Santa Claus, a late legend and story about Christmas giving, is a feature of December in much of the western world. What do we make of this imaginary figure and its role in the lives of children and adults — and in culture? From the roly-poly white-haired man, to elves and reindeer, Santa is a commercial as well as cultural figure. Here are some thoughts about Santa.
Santa Claus, this psychiatrist says, is a dangerous sentimental father-figure, who is expected to satisfy ‘‘unreasonable wants,’’ and who by that very expectation delays the ‘‘necessary adjustment of the preadolescent child to the world of reality.’’
Santa Claus wears a Red Suit,
He must be a communist.
And a beard and long hair,
Must be a pacifist.
What’s in that pipe that he’s smoking?
Alas! how dreary would be the world if there were no Santa Claus! It would be as dreary as if there were no Virginias. There would be no childlike faith then, no poetry, no romance to make tolerable this existence. We should have no enjoyment, except in sense and sight. The eternal light with which childhood fills the world would be extinguished.
Yes, Virginia, there is a Santa Claus. He exists as certainly as love and generosity and devotion exists, and you know that they abound and give to your life its highest beauty and joy.
On a busy day twenty-two thousand people come to visit Santa, and I was told that it is an elf’s lot to remain merry in the face of torment and adversity. I promised to keep that in mind.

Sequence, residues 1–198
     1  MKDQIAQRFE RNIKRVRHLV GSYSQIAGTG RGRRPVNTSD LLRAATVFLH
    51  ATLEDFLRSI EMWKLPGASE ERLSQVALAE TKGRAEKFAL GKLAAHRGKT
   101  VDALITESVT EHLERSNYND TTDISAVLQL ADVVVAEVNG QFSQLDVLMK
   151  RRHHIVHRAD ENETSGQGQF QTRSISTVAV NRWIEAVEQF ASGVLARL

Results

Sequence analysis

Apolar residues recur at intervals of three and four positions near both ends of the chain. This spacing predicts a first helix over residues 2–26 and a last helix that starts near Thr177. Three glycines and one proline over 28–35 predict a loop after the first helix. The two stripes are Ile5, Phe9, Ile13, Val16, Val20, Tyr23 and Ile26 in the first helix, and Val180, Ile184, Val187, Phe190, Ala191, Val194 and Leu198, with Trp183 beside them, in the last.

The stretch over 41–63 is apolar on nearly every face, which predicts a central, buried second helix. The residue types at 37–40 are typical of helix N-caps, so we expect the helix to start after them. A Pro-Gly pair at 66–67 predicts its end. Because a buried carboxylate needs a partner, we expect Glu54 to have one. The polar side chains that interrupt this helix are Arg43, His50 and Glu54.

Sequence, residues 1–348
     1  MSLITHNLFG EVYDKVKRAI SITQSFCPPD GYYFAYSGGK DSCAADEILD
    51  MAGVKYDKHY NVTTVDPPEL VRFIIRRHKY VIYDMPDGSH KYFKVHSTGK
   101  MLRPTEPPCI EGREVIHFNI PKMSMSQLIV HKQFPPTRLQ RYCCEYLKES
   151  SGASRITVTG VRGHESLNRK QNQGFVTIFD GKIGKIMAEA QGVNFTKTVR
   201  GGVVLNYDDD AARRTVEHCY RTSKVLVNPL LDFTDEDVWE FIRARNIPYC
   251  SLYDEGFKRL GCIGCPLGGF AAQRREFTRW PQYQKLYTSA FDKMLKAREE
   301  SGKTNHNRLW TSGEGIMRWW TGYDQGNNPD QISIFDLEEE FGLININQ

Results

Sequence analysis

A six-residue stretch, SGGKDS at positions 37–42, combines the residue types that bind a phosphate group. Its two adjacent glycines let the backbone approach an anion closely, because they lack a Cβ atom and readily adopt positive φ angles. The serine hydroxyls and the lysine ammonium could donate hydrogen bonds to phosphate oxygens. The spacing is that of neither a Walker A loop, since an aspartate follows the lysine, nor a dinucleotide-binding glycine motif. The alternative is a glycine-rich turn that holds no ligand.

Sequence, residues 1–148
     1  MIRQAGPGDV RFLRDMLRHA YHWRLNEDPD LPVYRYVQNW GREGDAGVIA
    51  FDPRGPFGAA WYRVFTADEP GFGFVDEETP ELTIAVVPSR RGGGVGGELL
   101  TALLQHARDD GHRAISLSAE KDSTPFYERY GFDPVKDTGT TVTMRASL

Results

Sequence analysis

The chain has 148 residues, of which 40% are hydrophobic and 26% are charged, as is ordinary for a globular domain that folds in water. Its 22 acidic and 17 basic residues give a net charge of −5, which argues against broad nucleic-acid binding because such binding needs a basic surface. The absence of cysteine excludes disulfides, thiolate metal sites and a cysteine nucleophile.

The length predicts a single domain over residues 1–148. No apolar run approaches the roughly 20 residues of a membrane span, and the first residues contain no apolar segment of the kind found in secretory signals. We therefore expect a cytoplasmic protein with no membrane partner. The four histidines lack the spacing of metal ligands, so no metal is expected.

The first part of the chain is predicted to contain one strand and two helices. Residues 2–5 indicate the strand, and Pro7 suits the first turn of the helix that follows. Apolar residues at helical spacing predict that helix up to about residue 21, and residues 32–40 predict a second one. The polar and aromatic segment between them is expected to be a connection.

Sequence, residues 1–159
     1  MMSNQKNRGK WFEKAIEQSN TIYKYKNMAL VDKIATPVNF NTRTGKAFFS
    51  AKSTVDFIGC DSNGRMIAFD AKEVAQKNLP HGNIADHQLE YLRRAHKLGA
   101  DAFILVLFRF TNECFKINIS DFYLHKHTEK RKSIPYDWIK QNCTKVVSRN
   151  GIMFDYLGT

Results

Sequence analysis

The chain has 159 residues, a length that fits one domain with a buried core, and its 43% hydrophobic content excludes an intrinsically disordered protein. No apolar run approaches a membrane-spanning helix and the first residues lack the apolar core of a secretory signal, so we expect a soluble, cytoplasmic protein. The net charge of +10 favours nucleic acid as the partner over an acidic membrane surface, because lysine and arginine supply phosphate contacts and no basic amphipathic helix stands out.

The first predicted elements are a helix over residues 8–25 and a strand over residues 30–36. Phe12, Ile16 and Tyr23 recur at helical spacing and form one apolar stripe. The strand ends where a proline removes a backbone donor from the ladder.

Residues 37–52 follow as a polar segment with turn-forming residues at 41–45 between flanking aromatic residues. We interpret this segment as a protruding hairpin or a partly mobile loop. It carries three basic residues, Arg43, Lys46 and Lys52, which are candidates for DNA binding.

I never believed in Santa Claus because I knew no white man would be coming into my neighborhood after dark.
During much of the Paleolithic, reindeer were a primary food source for Eurasians, but judging by the relative scarcity of their representations in cave paintings, they were not as highly respected as aurochs, horses, and bison. They don’t seem to have been deemed sacred. By the time domestication commenced, that attitude had changed, as evidenced by the Bronze Age megaliths depicting flying reindeer — a motif that still figures prominently in the religion of contemporary Siberian tribes such as the Evenki and Eveny. Some believe that Santa’s flying reindeer ultimately derive from these myths. I don’t, but I have been called Scrooge more than once.
I have been investigating the science of Christmas for more than a decade. When I first began to take an interest in the subject, I was unprepared for the breadth and depth of the insights that would eventually emerge. Take those flying reindeer, Santa’s red and white color scheme, and his jolly disposition, for example. They are all probably linked to the use of a hallucinogenic toadstool in ancient rituals.
I stopped believing in Santa Claus when my mother took me to see him in a department store, and he asked for my autograph.
Christmas at my house is always at least six or seven times more pleasant than anywhere else. We start drinking early. And while everyone else is seeing only one Santa Claus, we’ll be seeing six or seven.